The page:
Intussusception Painful Condition Caused by Rotavirus Vaccine
For the vast majority of children, the rotavirus vaccine causes mild or no symptoms. It also prevents the severe diarrhea, dehydration, vomiting, and fever the rotavirus causes.
But for many babies, this vaccine does more harm than good. In fact, it can cause intussusception. This condition can lead to peritonitis, a life-threatening condition that requires immediate medical attention.
What is Intussusception?
According to the Mayo Clinic, this is when one part of your intestine slides into another. This blocks any food or fluid from passing through. It also cuts off blood supply to part of your intestine. It’s common in children under 3, and rare in adults.
The CDC says 1,900 infants get intussusception before age 1 each year. It’s most common between 5 and 12 months, and boys get it twice as often as girls. Older children also get intussusception, but that’s rare.
As long as your child gets prompt treatment, they usually make a full recovery. Most, but not all infants, completely recover from this condition.
What Causes Intussusception?
Medical experts do not know most of the causes in the case of children. The Mayo Clinic explains that it often happens in the fall and winter, and also causes flu-like symptoms, so it could be a virus that most often causes the condition.
Researchers have found a link between the rotavirus vaccines RotaTeq and Rotarix and intussusception. However, the results are not currently conclusive. So, for the time being, these two rotavirus vaccines are still in use. If your child has experienced symptoms of intussusception, especially following a first or second dose of rotavirus vaccine, you may be eligible for compensation through the National Vaccine Injury Compensation Program.
What Signs and Symptoms of Intussusception Should I Look for After My Infant Gets the Rotavirus Vaccine?
In the vast majority of cases, babies experience no symptoms, or mild and temporary diarrhea and vomiting, after getting the rotavirus vaccine. Most likely, you have nothing to worry about.
However, in some rare cases, babies do experience noticeable symptoms of intussusception, like:
- Stomach pain
- Severe crying that lasts a few minutes
- Multiple bouts of severe crying in an hour
- Bloody stools
- Extreme irritability
- Acting physically weak and tired
If your baby experiences these symptoms, you should immediately call your doctor and tell them your baby recently had the rotavirus vaccine. If your doctor’s not available, you should take your baby to the emergency room immediately. Intussusception is a serious condition that can eventually cause additional complications that lead to death.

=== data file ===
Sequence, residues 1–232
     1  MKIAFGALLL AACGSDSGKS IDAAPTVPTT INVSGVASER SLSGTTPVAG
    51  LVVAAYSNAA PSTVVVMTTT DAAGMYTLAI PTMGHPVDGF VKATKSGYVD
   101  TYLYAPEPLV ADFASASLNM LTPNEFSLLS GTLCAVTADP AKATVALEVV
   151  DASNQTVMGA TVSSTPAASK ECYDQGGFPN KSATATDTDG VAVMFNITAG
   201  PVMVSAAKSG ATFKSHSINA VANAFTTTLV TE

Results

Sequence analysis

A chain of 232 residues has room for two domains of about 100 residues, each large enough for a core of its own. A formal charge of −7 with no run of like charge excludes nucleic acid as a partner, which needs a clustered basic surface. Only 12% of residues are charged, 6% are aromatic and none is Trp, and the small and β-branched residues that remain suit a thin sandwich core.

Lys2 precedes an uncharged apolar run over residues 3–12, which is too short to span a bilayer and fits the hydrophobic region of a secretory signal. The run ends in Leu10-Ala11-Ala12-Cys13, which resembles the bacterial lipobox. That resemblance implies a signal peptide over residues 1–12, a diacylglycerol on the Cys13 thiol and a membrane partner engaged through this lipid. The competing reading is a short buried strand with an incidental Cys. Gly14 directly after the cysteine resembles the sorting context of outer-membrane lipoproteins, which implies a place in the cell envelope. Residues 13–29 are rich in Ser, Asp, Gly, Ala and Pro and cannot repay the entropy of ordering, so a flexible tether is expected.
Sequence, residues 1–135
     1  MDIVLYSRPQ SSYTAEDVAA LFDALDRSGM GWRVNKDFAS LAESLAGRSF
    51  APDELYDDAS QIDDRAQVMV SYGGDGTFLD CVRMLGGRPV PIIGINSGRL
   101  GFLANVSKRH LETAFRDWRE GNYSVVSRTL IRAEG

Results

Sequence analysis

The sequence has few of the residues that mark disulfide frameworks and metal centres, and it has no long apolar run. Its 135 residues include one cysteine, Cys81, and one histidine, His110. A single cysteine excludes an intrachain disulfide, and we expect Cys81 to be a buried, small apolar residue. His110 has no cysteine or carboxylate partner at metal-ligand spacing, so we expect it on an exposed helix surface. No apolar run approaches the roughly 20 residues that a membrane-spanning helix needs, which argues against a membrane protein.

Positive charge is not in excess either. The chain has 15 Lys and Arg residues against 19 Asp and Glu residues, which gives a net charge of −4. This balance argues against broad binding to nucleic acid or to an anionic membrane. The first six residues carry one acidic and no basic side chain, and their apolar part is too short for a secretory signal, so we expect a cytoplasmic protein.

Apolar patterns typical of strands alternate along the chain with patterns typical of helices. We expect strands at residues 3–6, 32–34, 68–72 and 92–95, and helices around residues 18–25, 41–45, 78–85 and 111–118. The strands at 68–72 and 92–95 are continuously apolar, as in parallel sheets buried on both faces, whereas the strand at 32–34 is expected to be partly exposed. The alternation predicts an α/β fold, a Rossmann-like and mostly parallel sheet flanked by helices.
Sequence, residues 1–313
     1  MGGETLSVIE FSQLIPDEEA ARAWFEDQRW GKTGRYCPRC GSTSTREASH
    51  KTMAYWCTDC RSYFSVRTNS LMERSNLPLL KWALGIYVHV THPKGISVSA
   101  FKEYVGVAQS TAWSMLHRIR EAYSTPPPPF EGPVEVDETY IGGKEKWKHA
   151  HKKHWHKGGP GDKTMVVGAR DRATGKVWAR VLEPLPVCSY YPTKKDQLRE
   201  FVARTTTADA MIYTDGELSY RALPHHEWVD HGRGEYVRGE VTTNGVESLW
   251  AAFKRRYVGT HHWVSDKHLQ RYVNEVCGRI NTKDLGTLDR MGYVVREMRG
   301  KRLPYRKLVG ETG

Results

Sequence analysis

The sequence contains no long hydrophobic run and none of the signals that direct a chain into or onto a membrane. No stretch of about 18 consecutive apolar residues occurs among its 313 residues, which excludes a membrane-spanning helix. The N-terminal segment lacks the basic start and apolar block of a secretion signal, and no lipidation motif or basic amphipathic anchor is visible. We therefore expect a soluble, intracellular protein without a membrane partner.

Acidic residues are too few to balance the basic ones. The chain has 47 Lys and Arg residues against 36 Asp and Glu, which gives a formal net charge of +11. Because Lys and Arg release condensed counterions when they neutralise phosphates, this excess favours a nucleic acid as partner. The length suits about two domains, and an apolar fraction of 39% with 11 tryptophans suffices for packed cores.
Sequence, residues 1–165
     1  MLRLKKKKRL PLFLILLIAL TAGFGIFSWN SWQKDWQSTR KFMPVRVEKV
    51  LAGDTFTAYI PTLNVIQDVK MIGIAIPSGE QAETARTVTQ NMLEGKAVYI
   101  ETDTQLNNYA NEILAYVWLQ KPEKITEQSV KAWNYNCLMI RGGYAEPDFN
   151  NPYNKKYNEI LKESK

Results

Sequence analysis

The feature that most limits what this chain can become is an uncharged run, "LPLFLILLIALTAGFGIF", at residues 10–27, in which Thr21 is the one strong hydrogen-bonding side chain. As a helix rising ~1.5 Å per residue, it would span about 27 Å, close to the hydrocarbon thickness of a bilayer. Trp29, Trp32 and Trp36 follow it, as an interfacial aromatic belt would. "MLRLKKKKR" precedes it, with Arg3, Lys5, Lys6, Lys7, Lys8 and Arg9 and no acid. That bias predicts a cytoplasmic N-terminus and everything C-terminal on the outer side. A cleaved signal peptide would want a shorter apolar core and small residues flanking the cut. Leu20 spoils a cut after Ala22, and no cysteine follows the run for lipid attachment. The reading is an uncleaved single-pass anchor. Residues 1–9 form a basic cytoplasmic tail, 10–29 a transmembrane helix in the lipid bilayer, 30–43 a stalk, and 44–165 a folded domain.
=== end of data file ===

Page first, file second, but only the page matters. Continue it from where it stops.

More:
When Should I Look for Symptoms of Intussusception?
Complications from this condition usually happen the first week after the first or second dose of the rotavirus vaccine. However, it’s still possible to get intussusception after that timeframe – but the chances significantly drop.
Your baby can also get intussusception completely unrelated to the rotavirus vaccine at any time. Again, the chances are low.
How Do You Treat Intussusception?
When caught promptly, this condition is reasonably easy for medical professionals to treat. And it’s most likely your baby will make a full recovery.
Treating intussusception in babies works like this:
- Using an IV to give your baby fluids
- Inserting a tube through a child’s nose and into their stomach to decompress their intestines
Initial diagnosis and treatment begins with an air enema. Your doctor may also use an abdominal X-ray to do the diagnosis. With the air enema procedure, your doctor inserts a small soft tube into your baby’s rectum. Air goes through. As it does, it unfolds your baby’s bowels and removes the blockage.
If it works, no further action is needed. However, intussusception also recurs 15-20% of the time (and usually within 72 hours of the procedure), so it may be necessary to repeat the treatment.
If the air enema doesn’t work, doctors perform a surgical procedure. The surgeon frees the trapped part of the intestine, removes any obstructions, and takes away any dead internal tissue.
In some rare cases, intussusception does disappear without treatment. If you suspect intussusception, however, you should seek medical attention for your baby immediately.
What is the Long-Term Outlook for Children with Intussusception?
Most children fully recover. However, if a large portion of the child’s intestine is removed, the child may not get the nutrients their body needs. In this case, special IV catheters may be needed to supplement your child’s nutrition.
If your child has experienced intussusception as a result of the rotavirus vaccine, you may be entitled to compensation.